Book Review: Lovely Bones

On my flight to Boston last weekend, I forgot to pack a book and even though I was running on 2 hours of sleep it made my flight a little uncomfortable. Traveling without at least one book makes me feel just as uneasy and naked as how most people feel when they leave their cellphones at home. Usually when I travel I like having lighter books to read. The faster the better for airplane rides. Mary Ellen took me to her favorite used book store in Braintree, Massachusetts and I made sure to find something light in addition to the Sartre and Faulkner. I also picked up an intriguing book called Lucifer Effect, a nonfiction about how good people turn evil. None of these are light. I finally stumbled on Lovely Bones. I’ve been meaning to read this book since it made the Best Seller’s List a couple of years ago? I have even picked it up at libraries before and other used book stores and I vaguely remember not being hooked. I have no idea why. I seriously remember picking up this book at least a handful of times, flipping through, being bored, and putting it back.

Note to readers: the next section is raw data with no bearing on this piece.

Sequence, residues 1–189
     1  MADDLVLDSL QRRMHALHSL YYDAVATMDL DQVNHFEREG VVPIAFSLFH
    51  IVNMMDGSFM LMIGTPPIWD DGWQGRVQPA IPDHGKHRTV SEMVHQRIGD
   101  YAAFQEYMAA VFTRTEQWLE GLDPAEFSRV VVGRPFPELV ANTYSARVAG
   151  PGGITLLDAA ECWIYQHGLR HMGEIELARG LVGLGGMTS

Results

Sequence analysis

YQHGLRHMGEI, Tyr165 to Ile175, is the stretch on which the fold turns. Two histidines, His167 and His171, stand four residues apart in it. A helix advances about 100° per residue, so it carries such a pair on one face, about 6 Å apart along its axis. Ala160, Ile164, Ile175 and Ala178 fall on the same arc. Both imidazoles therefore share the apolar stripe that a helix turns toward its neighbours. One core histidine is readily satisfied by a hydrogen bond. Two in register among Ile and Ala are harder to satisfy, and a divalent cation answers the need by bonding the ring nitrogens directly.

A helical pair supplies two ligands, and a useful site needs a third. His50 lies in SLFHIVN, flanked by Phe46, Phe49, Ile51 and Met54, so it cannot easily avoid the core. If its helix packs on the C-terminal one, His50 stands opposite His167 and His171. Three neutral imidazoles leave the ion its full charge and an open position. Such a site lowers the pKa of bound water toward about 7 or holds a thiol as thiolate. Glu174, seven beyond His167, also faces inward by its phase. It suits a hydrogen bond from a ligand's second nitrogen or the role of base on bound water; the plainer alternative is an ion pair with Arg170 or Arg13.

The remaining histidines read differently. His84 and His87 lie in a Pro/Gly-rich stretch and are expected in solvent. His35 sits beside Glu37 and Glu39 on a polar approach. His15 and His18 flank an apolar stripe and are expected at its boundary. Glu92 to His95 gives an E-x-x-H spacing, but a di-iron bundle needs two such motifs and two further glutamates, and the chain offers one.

I don’t remember why or how I could put it back, The first two sentences really does engage and intrigue you. “My name was Salmon, like the fish; first name, Susie. I was fourteen when I was murdered on December 6, 1973.” The rest of the novel is narrated by Susie as she watches over her friends and family and murderer from her heaven. I usually have a hard time with religious imagery but I didn’t find this religiously intrusive at all. (I’ve only read one other book with heaven as a setting and that was over 5 years ago and that is Five People You Meet in Heaven – which I wholeheartedly recommend! )

The reason why I gave this book 3 out of 5 stars is the ending. I didn’t really care too much for it. Also, I made an allowance for heaven in my reading but towards the end there was an incident that I found completely made the book a little hokey. I don’t want to give it away but uh, look for it in chapter 22. That was about where I lost my hardon for this book. The ending was a little anticlimactic for me which was something I was worried about throughout the novel but what I do appreciate about this book is that it was so difficult to put down. Alice Sebold never lost my attention as do many sad fictions go. I didn’t find myself giving up (Time Traveler’s Wife) or being resentful of the time wasted afterwards (Memory Keeper’s Daughter and My Sister’s Keeper ). I felt empathy for all characters except the mother which was a contrast to my feeling NO empathy for anyone in My Sister’s Keeper.

I especially recommend this book to:

Those who enjoyed Five People You Meet in Heaven and To Kill a Mockingbird

P.S. They’re making a movie of this book. I like the cast. I’ll watch it even though I’m not expecting much from the movie.